Jumping on the bandwagon: don’t do it. You don’t need to post about everything in the world that happens just because other people are posting about it, and you absolutely don’t need to try to capitalize on serious issues. If something relates to you, then post about it.

Sounding like a robot: Don’t respond to people with form letters. Be real. Actually listen to what they’re saying.

These things don’t move us forward. Start small, target a particular audience and engage with them narrowly.

3 Tips:

1.You are the brand. People want to talk to YOU not a logo.

2.Contribute more than you receive-put out good content and you’ll reap the benefits. Not just about you.

3.Learn to listen. Be a good conversationalist. Find out what people have said about you.

All of these tips are incredibly helpful, but I will say that there are some important differences between social media as an individual vs. social media as an organization, and that many of these tips have been fiercely debated when it comes to being an individual on the internet, particularly a woman or other minority person on the internet. Don’t feed the trolls is only the most infamous of these. When using social media as an individual who is representing an organization, it’s a hard balance to find, but it’s one that we should be thinking about with more nuance than “should” and “should not”.

Being Childless: Prejudices and Pitfalls

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Note: This post is very much an exploratory post for me about a variety of issues. I’m taking some time to examine how I feel about children and try to understand what about my behaviors might be disrespectful to children. I’d really appreciate it if you find something offensive in this post if you were polite about it and helped me come to a better understanding of why it might cause harm. I’m also going to be using childless and childfree somewhat interchangeably here, although I know that that’s not the most appropriate. I’m aiming to stick with childfree when it’s a choice and childless for an overarching term of those without children.

Somehow children and having children have decided to take over all of my blogs and twitters and internet haunts and have become the topic of the day. This is weird. I don’t really have any friends with children, I don’t have children, and I have no desire to ever have children (and if you tell me that it’s just because I’m young and some day I’ll want them and it will be great you can just leave now). I’m not used to thinking about children or the difficulties and questions surrounding raising children. And I particularly found myself challenged by a few posts by Libby Anne about prejudice against children. Many of the things she was saying were attitudes that I held: I don’t particularly like kids, they make me uncomfortable, I often find them frustrating when they’re in my spaces. Generally she suggested that people who hold these types of attitudes are “childist” and are discriminating against others. I’d like to delve into some of the nuances of what it means to be childless and still respect children and their parents.

Let’s start with a fact: children are an imposition. They are in fact a burden. Many people would argue that that isn’t the case because they provide so much back to us and they are human beings that are deserving of respect and love. I’m not trying to say these things aren’t the case, but they are human beings who are not capable of caring for themselves, or even of fully processing their world. This means that they impose upon adults in order to survive: they require the time, money, and resources of adults. This isn’t necessarily a bad thing. Many things in life involve some sacrifice and imposition and a whole lot of joy, and kids are probably one of those things. It doesn’t seem to me to be prejudice to recognize that fact.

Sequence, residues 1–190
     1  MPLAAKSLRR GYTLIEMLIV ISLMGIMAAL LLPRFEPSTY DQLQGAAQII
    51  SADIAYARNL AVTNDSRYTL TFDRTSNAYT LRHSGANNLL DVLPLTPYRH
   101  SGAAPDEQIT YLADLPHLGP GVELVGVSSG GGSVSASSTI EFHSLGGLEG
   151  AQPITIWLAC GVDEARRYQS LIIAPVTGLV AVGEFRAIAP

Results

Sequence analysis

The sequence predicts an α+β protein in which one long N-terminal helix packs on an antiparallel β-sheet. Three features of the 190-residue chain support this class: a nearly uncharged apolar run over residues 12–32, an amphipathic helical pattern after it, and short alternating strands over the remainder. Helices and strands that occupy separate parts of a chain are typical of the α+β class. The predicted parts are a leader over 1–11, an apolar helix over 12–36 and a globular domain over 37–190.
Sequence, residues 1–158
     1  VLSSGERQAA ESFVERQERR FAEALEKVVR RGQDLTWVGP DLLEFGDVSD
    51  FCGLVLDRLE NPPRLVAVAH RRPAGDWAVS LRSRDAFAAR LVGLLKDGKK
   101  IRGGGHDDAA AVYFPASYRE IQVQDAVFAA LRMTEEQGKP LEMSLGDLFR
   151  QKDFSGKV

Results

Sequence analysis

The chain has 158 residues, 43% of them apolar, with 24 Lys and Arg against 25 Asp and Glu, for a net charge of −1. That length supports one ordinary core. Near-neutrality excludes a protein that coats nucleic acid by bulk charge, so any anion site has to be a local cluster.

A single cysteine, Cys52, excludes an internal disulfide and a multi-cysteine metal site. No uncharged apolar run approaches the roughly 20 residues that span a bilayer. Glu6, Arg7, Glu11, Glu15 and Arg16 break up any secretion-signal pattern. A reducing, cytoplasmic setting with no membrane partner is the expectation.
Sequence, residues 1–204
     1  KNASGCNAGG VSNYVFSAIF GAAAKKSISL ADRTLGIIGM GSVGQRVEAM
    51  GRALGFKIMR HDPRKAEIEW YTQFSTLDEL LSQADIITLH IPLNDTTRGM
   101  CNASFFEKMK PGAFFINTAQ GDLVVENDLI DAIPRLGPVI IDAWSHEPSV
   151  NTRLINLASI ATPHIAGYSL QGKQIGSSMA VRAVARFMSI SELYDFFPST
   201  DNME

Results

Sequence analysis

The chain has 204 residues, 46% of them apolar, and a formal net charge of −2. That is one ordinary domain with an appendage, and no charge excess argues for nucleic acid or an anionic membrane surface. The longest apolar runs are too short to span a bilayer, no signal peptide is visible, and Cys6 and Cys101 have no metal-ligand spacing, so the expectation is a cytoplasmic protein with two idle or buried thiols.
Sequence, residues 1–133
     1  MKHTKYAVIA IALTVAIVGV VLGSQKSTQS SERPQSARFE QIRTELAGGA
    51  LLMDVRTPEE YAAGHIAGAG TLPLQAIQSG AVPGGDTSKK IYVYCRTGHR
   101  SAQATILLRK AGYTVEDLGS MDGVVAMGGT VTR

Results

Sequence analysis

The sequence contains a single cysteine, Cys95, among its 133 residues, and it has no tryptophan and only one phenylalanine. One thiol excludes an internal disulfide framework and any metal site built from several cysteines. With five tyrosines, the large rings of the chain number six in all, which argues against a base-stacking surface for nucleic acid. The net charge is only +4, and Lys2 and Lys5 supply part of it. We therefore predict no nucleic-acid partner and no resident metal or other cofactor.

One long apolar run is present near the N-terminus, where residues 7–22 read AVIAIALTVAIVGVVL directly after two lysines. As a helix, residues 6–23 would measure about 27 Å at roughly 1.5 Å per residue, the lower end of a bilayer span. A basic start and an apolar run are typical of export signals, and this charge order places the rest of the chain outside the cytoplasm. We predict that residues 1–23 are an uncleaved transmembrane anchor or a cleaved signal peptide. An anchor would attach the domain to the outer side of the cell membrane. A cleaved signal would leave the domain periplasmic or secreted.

Children are also different from adults. Yes, they are human beings, yes they have legitimate emotions, and yes they are fully autonomous. However their brains have not developed completely, they don’t know how to manage their emotions or their world yet, and they often simply view the world differently from adults. Again, this is not a bad thing, but it is not prejudice or stereotyping to say that children’s brains are different from adults’ brains. That’s a fact.

As someone who is child-free on purpose, I have taken these elements into consideration. I am not very good with children because of those reasons. Realizing that another being is wholly dependent on you is a scary proposition, and as a responsible adult I know I’m not cut out for it. Because of that, I avoid children. I’m not good with kids and so I don’t want to be around them because I don’t like being around people who I cannot socialize with. Interestingly, to many people this would be viewed as a prejudice, or as discrimination against children.

It’s widely recognized that childless adults, particularly adults who choose to be childless are often badgered and sometimes oppressed or discriminated against by the people around them. Many people with children want to say that the childless have turned things around and begun acting the same way towards them and their children. Of course there are some childless individuals who treat children poorly, just as there are some people with children who treat children poorly. But making statements about disliking children, about wishing children weren’t in your spaces, or about preferring people not to talk about children are not prejudice: they’re preferences. Children are a very different type of being, and each of us gets to choose what sorts of people we have in our spaces. For those of us who are childless, children can be difficult and scary. Wanting to avoid that is 100% logical.